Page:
Employee retention isn’t just a human resources challenge, it’s also a business one—the cost of employee turnover has now cracked a whopping 13-digit milestone. According to research from Gallup, U.S. businesses have a $1 trillion problem. Emboldened by a strong economy and record-low unemployment rates, risk-taking workers are quitting their jobs en masse.
Employee age is also a big factor when it comes to employee retention. U.S. Bureau of Labor Statistics data shows that the median employee tenure for wage and salary workers is about four years. But for those between 25 and 34 years old, it’s less than three.
Luckily, there are plenty of employee retention strategies. After all, Gallup also found more than half of workers voluntarily leaving their jobs report that their bosses or companies could have prevented their exit. Here’s a list of ways managers and organizations can invest in their employees and retain top talent.
1. Employee retention and engagement starts at the leadership level
If there was an award for most-used human resources buzzword, “employee engagement” might win. But that hasn’t always been the case. The term emerged only a decade ago, says Christopher Mulligan, the co-founder and CEO of consulting firm TalentKeepers and author of its 2019 report on engagement and retention trends.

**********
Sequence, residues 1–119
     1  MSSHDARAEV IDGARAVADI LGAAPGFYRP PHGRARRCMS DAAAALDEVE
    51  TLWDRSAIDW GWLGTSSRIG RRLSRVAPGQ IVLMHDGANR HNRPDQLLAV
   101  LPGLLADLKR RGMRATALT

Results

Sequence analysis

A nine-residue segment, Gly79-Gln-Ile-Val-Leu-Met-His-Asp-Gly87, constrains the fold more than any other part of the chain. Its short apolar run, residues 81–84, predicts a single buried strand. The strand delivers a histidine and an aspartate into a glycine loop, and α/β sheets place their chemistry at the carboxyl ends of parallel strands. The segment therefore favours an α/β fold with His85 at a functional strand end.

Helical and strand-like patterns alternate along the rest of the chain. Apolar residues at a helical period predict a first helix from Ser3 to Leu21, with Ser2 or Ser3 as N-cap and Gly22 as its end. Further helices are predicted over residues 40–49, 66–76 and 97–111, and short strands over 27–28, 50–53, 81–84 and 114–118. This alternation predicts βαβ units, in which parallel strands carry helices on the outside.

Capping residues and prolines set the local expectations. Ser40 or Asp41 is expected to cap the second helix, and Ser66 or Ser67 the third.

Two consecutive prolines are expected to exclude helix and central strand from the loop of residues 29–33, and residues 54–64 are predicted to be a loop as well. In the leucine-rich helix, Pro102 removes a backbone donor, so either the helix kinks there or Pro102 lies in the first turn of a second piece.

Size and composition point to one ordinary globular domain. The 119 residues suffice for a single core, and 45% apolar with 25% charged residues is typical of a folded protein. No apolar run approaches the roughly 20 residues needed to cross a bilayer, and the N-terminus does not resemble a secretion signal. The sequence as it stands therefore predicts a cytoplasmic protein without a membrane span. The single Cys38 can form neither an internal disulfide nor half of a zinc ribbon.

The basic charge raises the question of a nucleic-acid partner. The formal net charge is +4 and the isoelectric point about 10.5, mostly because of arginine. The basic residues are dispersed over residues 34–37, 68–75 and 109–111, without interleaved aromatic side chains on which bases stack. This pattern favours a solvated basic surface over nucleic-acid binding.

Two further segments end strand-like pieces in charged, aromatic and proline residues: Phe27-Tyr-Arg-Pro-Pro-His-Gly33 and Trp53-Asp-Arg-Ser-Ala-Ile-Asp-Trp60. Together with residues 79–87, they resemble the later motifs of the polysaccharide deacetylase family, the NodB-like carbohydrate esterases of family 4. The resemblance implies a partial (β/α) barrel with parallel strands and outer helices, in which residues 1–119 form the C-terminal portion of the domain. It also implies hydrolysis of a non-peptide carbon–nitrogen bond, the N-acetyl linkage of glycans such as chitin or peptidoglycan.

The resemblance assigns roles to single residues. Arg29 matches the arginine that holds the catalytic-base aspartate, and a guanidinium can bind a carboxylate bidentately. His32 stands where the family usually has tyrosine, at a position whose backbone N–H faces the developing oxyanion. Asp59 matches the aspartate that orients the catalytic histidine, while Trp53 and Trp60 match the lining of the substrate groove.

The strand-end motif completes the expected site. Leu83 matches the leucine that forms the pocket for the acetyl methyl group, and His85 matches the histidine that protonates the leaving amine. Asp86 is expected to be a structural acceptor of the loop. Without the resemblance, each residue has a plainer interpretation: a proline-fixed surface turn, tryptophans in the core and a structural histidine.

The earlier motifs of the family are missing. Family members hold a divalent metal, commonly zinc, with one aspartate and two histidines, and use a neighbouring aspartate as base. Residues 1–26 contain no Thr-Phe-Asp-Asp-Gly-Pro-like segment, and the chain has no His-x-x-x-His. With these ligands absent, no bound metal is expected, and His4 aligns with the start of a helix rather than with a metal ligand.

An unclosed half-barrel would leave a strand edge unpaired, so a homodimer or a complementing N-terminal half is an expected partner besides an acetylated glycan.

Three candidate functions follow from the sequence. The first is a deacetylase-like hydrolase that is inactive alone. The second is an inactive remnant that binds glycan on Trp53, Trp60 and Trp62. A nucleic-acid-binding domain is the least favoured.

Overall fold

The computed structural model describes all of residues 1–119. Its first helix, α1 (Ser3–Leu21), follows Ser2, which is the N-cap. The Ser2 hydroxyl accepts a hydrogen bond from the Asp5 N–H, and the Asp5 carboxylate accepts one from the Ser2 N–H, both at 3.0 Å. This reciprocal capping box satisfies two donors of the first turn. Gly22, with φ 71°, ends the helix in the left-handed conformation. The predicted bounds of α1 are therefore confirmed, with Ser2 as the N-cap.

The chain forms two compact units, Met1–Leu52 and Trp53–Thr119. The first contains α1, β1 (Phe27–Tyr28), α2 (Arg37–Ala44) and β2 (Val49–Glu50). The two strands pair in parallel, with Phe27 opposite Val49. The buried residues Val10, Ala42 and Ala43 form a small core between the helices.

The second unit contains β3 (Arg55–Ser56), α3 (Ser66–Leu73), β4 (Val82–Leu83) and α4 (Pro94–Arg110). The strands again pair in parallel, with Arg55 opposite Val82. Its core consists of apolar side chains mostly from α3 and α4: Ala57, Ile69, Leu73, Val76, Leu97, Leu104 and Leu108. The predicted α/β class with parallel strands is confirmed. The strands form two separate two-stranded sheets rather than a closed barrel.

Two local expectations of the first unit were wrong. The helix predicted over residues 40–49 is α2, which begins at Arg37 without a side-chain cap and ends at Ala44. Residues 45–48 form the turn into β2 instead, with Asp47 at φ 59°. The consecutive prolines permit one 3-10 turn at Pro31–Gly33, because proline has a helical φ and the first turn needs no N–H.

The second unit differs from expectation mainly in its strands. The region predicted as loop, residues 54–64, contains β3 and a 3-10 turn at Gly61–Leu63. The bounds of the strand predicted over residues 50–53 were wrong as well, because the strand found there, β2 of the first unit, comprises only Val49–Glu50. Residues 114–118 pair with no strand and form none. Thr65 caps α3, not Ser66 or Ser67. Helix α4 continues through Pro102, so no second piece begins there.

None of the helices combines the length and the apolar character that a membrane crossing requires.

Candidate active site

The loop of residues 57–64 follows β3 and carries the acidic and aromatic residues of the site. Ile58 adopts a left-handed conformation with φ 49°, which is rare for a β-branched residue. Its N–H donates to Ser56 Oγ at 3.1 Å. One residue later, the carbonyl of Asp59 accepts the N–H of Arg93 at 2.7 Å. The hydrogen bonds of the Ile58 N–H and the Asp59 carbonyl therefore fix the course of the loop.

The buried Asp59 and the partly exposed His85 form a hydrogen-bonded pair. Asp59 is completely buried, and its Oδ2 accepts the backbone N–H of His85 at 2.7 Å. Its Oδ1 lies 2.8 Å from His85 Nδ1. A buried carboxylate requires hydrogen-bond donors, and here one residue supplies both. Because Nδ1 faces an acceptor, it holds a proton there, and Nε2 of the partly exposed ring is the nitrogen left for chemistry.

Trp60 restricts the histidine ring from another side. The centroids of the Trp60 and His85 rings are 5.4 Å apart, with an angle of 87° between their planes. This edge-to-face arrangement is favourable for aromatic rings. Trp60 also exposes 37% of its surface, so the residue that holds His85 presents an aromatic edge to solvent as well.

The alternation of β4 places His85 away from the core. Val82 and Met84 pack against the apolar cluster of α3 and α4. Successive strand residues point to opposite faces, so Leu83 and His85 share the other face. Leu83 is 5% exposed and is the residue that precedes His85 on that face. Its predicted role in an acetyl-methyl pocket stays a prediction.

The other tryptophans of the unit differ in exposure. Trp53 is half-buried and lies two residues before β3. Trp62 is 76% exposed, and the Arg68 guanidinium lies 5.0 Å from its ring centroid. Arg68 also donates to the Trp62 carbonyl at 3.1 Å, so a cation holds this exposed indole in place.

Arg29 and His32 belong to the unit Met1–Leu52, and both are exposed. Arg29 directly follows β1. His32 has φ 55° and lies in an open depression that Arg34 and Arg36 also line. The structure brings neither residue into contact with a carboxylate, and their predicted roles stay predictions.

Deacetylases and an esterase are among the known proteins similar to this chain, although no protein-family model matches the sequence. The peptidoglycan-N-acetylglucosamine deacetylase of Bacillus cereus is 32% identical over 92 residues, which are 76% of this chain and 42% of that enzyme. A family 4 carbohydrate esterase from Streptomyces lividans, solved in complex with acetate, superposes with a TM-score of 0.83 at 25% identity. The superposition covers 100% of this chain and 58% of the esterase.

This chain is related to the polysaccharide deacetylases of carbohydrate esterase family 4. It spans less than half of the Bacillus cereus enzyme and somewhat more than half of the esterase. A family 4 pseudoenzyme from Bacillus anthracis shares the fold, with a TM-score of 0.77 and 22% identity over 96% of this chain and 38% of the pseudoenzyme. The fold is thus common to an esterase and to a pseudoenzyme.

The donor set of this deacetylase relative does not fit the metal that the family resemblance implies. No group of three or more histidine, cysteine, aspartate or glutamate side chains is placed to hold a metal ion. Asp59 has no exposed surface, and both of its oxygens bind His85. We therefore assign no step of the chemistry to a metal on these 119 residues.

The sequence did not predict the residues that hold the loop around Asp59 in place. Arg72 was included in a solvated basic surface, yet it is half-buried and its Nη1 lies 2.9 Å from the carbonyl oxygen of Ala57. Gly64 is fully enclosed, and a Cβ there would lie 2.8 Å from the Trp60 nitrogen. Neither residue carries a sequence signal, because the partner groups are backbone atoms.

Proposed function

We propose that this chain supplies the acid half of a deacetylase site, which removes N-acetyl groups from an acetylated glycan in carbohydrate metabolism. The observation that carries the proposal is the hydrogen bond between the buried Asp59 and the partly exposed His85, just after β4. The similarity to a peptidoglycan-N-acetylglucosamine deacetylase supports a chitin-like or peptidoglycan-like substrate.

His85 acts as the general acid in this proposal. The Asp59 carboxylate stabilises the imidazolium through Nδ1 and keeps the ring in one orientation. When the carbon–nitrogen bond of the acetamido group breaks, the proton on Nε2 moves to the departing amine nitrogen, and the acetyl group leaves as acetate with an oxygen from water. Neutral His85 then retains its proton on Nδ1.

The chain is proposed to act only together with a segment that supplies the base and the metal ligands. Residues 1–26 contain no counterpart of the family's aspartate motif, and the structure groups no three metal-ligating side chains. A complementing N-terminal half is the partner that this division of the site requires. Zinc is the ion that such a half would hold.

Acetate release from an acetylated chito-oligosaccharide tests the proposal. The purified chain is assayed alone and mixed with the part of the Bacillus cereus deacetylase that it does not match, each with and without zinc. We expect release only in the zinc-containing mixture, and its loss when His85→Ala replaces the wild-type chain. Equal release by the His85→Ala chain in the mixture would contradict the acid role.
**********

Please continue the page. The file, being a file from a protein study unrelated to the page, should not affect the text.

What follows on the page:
Mulligan says that when his company first started publishing the report 15 years ago, it predominantly canvassed administrators involved in recruitment and training. These days, employee engagement is considered a “business imperative at all levels,” according to Deloitte’s Global Human Capital Trends report, as more organizations realize the impact that an engaged workforce can have on the bottom line.
“Employee retention and engagement will never be higher than your leader,” Mulligan says. “Everyone is an employee within the organization, from a frontline employee to the CEO. And we have to be concerned with the engagement at all levels.”